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WOODSON COLUMN: Ward Burton misses NASCAR, but not all of it

WOODSON COLUMN: Ward Burton misses NASCAR, but not all of it


Ward Burton won nine NASCAR races over a 10-year period.

He won five events at the Winston Cup level, including the 2001 Daytona 500, over a seven-year period from 1995-2002.

He won four Xfinity Series events from 1992-93.

He stepped away from NASCAR in 2007, eventually returning for one NASCAR Trucks race in 2012, earning a top 10 finish.

Not surprisingly, there are certain aspects of NASCAR that he still misses to this day.

“ The competition part, I will always miss it,” said Burton, who drove in nearly 550 NASCAR races from 1990 through 2007, along with that one Trucks event five years later. “The comradeship and getting the car where it will go around that race track properly and trying to be on the edge, I always thrived on that.”

No wonder Burton liked racing in Bristol so much.

“ That track is very challenging, the sense of speed because it has significant banking is probably more than any track you go to,” Burton said.

Yet, there were other parts of NASCAR that drove Burton from the sport into his true lifelong passion, creating the Ward Burton Wildlife Foundation, an organization dedicated to sportsman’s and wildlife conservation.

“ Everything is about money now. My kid, Jeb, is as good as I ever was and probably better, but it is who gets the opportunity, who brings the money,” said Burton, whose son is a part-time driver on the NASCAR Xfinity Series. “He works his butt off with the partner that he has got and he is very lucky to have them, but he needs a couple more to run the full schedule.

“ If it was like it is today, I never have left South Boston, Virginia, there is no way, impossible.”

The older brother of NASCAR driver and TV personality Jeff Burton, Ward stepped away from the sport in 2007.

“ Some of that was out of my control. I had been very loyal to a particular car owner and the same loyalty wasn’t repaid to me at a time that drastically affected me and I just wasn’t sure who to trust anymore and just absolutely stepped away from it,” said Burton, who turned 58 on Oct. 25. “I had a whole other life that I missed by spending time outdoors and working on our conservation efforts as well as others. I am busier now than I have ever been in my entire life, I can promise you that.”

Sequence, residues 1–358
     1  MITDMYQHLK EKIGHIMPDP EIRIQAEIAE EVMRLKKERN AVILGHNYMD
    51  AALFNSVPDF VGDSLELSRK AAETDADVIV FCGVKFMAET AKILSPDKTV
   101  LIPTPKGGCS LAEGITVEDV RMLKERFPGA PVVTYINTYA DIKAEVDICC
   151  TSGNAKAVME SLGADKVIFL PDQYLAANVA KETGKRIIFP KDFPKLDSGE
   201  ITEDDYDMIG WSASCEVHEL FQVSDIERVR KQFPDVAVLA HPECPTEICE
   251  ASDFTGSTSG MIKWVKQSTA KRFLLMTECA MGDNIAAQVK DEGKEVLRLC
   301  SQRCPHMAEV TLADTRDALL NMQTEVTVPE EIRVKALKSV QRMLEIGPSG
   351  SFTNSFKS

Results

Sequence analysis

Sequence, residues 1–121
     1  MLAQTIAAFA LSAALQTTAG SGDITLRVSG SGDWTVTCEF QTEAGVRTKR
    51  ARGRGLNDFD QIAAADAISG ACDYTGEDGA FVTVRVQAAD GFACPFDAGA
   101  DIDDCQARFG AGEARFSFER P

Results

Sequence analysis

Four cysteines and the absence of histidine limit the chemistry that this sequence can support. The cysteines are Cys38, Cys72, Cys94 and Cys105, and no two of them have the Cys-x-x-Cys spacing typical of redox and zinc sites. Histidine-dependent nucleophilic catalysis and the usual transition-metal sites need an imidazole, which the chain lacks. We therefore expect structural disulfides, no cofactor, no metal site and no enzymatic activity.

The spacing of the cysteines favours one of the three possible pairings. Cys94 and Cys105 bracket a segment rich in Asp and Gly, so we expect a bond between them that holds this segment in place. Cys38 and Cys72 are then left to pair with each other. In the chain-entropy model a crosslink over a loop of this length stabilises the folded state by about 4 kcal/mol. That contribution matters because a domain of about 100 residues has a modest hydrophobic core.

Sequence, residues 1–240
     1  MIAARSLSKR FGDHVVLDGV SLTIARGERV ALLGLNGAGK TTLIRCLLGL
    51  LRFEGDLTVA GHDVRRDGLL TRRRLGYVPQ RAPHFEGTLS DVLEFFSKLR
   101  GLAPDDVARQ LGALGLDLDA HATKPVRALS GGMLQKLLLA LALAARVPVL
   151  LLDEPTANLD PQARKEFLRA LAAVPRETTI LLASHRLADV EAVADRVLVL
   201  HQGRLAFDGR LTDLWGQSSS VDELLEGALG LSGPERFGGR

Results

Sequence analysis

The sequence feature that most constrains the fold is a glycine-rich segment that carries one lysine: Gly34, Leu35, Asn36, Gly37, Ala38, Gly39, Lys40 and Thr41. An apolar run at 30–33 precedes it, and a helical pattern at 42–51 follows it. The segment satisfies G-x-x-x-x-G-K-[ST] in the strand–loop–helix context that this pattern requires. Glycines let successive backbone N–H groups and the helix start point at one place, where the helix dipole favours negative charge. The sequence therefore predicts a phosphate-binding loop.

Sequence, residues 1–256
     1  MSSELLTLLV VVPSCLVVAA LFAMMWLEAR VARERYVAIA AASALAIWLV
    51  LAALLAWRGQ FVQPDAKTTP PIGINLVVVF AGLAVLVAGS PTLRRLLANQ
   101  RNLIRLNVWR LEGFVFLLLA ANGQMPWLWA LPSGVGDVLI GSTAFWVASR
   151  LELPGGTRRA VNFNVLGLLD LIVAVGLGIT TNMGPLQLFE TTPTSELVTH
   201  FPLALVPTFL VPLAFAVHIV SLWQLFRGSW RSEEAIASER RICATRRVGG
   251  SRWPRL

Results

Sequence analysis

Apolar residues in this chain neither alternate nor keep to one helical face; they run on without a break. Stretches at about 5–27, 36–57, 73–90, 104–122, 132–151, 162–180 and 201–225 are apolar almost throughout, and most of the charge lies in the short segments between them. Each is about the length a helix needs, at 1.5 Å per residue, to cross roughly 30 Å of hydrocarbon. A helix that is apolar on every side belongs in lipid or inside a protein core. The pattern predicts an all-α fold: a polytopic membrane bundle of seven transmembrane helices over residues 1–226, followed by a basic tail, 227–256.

Burton drove 375 races over 13 seasons in the Winston Cup series, collecting five wins, 82 tops 10s and seven poles. He won the Southern 500 at Darlington in 2001 and the 2002 Daytona 500. Ten years later, he ran one Trucks race, finishing in the top 10.

He also drove 161 times over 10 years in the Busch Series, recording four wins, 50 top 10s and seven poles. His first win was at Rockingham in 1992, the last at Atlanta in 1993.

Not a bad career at all, but he stepped away and turn full-time to TWBWF, a passion developed as a child growing up in South Boston, located in Halifax County.

“ There was nothing else. When you are really young and there is a creek behind the house and a small little woods, you go around when you are 6, 7 or 8-years old and you start branching out much further,” Burton said. “Once I got around 8 my dad gave me a little Ford 10 and that turned into more of a hunting activity, but I lived in the woods for two years when I didn’t know what I was going to do with a deer…”

Burton, who recently went elk hunting in Montana, knows all about wildlife now, as evidenced by his creation of the TWBWF.

He will, however, always have fond memories of his time in NASCAR, including his history at Bristol, which never included a win, but did involve some nice runs.

“ I was lucky enough to race it when it was still paved,” said Burton, in describing the track in 1991. “I really liked it when it was paved.”

That all changed when BMS made the controversial decision to change to concrete, which has continued to be a complaint in recent years for the perceived downturn in popularity of the track.

Still, Burton came close to that elusive win a few times.

“ When they changed it to concrete, it made the cars - because of the surface of concrete - being a little more rougher and made the cars a lot more critical with how they handled than when they were paved,” Burton said. “It was a challenging track, hard to get your car to handle like you want it, but we had some decent runs and should have won a couple of Busch races.

“ It seems like every time we were lapping people we got into trouble, but yes, a neat race track.” | Twitter: BHCWoodson | (276) 645-2543

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